Observed and modeled twentieth-century spatial and temporal patterns of selected agro-climate indices in North America

Adam Terando, William E. Easterling, Klaus Keller, David R. Easterling

Research output: Contribution to journalArticle

17 Scopus citations

Abstract

The authors examine recent changes in three agro-climate indices (frost days, thermal time, and heat stress index) in North America (centered around the continental United States) using observations from a historical climate network and an ensemble of 17 global climate models (GCMs) from the Fourth Assessment Report of the Intergovernmental Panel on Climate Change (IPCC AR4). Agro-climate indices provide the basis for analyzing agricultural time series that are unbiased by long-term technological intervention. Observations from the last 60 years (1951-2010) confirm conclusions of previous studies showing continuing declines in the number of frost days and increases in thermal time. Increases in heat stress are largely confined to the western half of the continent. The authors do not observe accelerating agro-climate warming trends in the most recent decade of observations. The spatial variability of the temporal trends in GCMs is lower compared to the observed patterns, which still show some regional cooling trends. GCM skill, defined as the ability to reproduce observed patterns (i.e., correlation and error) and variability, is highest for frost days and lowest for heat stress patterns. Individual GCM skill is incorporated into two model weighting schemes to gauge their ability to reduce predictive uncertainty for agro-climate indices. The two weighted GCM ensembles do not substantially improve results compared to the unweighted ensemble mean. The lack of agreement between simulated and observed heat stress is relatively robust with respect to how the heuristic is defined and appears to reflect a weakness in the ability of this last generation of GCMs to reproduce this impact-relevant aspect of the climate system. However, it remains a question for future work as to whether the discrepancies between observed and simulated trends primarily reflect fundamental errors in model physics or an incomplete treatment of relevant regional climate forcings.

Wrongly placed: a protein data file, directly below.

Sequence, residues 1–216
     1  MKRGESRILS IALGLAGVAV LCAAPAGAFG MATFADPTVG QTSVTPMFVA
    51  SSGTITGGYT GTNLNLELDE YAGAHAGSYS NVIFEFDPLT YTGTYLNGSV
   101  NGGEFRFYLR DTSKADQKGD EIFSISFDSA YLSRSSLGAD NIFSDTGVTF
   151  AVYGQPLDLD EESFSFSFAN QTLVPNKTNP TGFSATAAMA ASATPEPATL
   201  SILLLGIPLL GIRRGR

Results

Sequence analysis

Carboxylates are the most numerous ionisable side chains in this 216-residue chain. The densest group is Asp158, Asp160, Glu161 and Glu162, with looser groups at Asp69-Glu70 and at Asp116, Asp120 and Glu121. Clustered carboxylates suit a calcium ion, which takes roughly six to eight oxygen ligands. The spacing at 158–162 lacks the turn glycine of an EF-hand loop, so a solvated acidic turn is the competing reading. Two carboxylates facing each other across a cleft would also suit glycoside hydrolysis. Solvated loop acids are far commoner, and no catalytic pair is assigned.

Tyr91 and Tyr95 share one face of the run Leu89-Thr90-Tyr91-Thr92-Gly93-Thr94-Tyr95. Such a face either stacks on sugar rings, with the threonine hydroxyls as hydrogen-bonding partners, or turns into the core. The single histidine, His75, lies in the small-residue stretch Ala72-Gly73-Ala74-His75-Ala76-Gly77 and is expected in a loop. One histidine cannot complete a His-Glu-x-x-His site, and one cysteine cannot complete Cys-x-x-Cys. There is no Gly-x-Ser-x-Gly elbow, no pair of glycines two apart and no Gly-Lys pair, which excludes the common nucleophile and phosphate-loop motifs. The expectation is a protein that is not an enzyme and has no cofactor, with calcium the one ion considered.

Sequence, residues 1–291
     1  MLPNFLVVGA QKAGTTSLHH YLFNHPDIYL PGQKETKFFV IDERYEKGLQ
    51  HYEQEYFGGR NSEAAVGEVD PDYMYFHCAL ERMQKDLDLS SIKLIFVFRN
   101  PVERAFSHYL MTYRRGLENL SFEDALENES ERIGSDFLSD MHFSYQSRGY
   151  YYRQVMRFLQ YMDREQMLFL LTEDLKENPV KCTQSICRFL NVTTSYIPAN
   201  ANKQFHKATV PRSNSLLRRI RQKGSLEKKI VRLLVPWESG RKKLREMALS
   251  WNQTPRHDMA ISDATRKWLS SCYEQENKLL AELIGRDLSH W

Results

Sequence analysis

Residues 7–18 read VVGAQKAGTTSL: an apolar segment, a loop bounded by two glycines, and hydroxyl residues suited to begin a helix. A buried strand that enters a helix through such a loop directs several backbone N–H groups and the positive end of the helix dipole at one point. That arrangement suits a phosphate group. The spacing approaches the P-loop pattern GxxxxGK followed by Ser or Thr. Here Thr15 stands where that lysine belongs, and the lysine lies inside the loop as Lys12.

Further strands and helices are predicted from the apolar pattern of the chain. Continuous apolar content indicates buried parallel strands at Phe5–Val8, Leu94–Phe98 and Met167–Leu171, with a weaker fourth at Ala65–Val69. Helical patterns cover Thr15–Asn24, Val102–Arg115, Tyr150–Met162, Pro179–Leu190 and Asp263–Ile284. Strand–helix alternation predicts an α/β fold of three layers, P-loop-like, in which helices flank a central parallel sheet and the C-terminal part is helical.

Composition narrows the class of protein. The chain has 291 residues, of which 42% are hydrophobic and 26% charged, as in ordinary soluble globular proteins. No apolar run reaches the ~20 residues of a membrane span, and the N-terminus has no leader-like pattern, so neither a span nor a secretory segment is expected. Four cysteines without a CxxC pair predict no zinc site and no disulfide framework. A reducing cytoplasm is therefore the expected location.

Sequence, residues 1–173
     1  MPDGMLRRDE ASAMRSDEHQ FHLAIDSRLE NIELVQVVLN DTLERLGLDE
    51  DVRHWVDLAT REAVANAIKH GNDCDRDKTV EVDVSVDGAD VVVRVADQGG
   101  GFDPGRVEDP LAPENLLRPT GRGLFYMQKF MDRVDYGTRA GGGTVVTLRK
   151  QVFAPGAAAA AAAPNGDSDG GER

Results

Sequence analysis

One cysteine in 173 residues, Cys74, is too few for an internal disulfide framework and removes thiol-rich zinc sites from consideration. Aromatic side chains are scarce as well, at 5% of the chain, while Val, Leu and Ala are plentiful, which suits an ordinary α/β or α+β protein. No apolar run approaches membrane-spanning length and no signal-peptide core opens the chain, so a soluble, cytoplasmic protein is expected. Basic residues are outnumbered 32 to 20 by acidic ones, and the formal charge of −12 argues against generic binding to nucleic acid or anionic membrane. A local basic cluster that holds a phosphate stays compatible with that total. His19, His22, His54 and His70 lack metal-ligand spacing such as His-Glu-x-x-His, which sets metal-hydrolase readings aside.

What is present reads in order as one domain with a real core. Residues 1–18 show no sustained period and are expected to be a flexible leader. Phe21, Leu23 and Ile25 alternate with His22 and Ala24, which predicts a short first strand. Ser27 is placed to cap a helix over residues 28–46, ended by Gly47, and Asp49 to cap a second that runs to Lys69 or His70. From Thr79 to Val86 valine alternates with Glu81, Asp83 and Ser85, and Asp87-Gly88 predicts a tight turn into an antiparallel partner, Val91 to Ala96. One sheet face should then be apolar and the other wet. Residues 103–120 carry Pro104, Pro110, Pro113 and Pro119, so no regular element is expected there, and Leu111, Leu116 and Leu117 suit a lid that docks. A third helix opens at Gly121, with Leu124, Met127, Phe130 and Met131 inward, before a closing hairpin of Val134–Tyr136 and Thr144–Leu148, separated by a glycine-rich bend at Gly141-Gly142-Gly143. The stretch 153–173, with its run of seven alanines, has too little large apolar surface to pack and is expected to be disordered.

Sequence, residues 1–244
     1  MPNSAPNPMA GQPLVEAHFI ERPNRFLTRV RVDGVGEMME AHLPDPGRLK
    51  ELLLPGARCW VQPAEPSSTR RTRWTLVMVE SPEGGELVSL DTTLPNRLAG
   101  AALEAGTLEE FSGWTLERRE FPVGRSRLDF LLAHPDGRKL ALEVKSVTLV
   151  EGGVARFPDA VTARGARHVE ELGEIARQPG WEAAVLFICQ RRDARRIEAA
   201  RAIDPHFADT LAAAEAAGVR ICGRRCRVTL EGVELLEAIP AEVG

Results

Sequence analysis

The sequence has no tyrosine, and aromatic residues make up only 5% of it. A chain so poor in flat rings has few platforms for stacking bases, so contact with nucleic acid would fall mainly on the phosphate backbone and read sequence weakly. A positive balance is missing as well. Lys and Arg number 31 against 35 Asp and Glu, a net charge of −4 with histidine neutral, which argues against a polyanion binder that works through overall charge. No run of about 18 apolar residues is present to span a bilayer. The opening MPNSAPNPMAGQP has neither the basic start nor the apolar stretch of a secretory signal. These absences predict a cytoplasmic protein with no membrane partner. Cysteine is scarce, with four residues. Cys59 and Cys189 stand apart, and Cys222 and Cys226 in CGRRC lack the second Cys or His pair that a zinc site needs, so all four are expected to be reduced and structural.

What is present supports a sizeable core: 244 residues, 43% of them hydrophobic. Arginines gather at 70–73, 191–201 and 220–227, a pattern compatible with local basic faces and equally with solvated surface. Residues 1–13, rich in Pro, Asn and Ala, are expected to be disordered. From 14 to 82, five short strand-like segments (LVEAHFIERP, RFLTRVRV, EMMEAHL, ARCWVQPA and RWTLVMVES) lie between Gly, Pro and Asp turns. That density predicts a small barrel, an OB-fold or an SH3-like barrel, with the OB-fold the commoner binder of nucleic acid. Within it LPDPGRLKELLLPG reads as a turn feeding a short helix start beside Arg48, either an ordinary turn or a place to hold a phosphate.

Original languageEnglish (US)
Pages (from-to)473-490
Number of pages18
JournalJournal of Climate
Volume25
Issue number2
DOIs
StatePublished - Jan 1 2012

All Science Journal Classification (ASJC) codes

  • Atmospheric Science

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